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The_Vanishing_of_Ethan_Carter_ChurchEdgePhotogrammetryShotEthan Carter

Yesterday I played through the quite amazing The Vanishing of Ethan Carter. It is an exciting expertly crafted open world exploration adventure game with an interesting story (a bit of a let-down at the end but forgiven).

What really makes it stand out is its use of a technique called photogrammetry. With that they are able to produce amazingly detailed landscapes and objects. I often walked through the game in awe looking at all the many details. On the right you find two screenshots I pulled from the blog above.


One thing I also liked about the game was a screen that came up every time you take an object. It will allow you to inspect that object and turn it with your mouse.carter_inv2carter_inv1


So my quest for today was to build that experience with AC into my adventure game. It took me several attempts to get the setup right, struggling with UI canvases, world-space, AC camera switch actions and some more. I think now I have quite a cool and generic setup that is now automatically appearing whenever I pick something up.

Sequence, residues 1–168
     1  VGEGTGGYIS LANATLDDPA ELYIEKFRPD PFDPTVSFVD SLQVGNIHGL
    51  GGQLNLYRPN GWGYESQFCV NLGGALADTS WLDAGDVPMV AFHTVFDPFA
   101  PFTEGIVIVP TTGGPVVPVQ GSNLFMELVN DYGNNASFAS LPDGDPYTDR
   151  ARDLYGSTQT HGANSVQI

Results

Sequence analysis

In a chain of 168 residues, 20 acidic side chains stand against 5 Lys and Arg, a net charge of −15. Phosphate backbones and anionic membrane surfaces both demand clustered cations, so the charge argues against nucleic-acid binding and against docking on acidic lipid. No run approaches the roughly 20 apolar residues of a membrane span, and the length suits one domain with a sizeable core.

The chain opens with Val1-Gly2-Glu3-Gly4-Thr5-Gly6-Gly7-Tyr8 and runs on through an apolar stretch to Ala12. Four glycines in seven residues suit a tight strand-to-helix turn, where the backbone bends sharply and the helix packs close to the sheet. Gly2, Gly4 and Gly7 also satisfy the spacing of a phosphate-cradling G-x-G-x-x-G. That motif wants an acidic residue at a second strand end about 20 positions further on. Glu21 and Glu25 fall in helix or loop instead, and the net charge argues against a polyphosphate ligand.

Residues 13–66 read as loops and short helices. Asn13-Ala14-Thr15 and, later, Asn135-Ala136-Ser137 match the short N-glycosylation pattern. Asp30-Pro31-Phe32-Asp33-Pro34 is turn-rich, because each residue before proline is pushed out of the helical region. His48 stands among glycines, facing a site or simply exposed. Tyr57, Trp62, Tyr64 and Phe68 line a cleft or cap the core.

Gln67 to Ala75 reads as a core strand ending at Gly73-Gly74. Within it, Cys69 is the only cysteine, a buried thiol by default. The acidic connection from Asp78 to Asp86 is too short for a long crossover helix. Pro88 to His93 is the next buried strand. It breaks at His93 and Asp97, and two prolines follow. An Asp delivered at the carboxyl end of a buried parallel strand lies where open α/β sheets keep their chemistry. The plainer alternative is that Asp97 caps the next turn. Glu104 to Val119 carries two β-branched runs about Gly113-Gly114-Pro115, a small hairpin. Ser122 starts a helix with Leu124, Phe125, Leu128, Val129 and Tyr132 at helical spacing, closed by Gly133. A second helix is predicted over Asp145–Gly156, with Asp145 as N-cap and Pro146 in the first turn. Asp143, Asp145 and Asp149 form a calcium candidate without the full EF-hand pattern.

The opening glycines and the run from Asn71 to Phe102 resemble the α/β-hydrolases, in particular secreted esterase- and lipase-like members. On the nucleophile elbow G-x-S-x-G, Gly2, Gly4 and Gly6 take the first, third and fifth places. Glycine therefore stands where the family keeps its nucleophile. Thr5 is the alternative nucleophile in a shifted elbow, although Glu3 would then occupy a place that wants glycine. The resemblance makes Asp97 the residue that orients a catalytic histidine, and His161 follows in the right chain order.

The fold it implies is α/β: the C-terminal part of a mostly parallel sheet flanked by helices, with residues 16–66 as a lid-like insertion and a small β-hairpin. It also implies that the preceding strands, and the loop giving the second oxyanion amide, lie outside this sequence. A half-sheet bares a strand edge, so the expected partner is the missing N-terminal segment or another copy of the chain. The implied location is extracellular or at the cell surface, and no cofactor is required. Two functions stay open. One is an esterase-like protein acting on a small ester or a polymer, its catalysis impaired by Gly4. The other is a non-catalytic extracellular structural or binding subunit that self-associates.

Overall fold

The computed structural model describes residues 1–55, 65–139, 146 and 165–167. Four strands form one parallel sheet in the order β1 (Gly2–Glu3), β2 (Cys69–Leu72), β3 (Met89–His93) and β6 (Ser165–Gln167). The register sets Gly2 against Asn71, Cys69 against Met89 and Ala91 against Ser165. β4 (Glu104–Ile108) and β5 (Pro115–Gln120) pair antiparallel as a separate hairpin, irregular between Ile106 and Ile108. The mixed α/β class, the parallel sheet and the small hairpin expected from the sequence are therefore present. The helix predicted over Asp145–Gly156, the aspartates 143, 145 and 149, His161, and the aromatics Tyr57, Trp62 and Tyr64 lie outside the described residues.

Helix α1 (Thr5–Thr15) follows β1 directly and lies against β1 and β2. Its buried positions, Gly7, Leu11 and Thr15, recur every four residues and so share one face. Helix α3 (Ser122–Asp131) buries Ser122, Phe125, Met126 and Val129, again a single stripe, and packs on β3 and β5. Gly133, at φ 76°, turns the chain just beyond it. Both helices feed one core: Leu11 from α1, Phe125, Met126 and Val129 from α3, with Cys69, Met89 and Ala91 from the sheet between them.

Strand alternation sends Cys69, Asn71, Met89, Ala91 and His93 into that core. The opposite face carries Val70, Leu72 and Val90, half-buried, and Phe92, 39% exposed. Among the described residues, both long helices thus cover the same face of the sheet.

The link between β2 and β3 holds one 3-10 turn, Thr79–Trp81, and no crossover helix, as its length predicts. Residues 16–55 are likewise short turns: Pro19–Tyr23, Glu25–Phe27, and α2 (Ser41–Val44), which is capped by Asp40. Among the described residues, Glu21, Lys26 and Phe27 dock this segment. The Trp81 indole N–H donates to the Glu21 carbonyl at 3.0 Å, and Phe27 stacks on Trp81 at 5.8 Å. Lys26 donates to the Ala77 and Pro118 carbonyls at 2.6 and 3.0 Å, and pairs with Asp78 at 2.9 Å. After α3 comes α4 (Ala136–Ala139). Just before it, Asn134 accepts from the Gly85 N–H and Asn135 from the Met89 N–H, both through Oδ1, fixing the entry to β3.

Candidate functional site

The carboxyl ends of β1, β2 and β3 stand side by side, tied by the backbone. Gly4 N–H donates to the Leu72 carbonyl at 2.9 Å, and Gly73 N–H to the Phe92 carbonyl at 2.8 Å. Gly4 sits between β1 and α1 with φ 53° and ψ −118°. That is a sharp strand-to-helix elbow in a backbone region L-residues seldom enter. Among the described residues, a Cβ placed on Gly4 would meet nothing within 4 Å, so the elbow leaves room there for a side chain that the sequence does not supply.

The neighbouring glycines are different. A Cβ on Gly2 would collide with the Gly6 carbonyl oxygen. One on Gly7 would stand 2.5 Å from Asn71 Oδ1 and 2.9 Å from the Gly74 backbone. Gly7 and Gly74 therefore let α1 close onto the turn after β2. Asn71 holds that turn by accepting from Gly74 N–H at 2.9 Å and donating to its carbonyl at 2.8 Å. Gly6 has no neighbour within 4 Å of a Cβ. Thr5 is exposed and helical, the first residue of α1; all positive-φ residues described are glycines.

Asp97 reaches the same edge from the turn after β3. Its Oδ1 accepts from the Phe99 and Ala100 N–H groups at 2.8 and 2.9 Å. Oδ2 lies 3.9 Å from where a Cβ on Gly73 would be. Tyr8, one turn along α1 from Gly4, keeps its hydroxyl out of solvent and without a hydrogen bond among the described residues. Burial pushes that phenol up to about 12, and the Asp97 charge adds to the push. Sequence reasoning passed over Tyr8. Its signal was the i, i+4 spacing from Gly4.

inv_inspectorI created a new Unity UI canvas in world-space, put a transparent image on it, a camera with depth 100 and only depth clearance, a spotlight and marked the whole background as a button. Then I created a new AC menu with that prefab, appear manually, wire the button to the menu close action.

One difficulty part was to propagate the object from one action list to another. After some experimenting I used a simple trick for that in the end. I added to my parameterized TakeItem action list one action to re-parent the object I am taking to a temporary well-known object that is always in the scene and in the TurnOn action list of the menu I re-parent that well-known object to my menu.

When the menu is turned on, the depth 100 camera will now draw on top of the screen letting the original camera shine through. AC will take care of pausing the game in the background. Using a script with unscaledDeltaTime I can still react to the mouse and rotate the object. Awesome!

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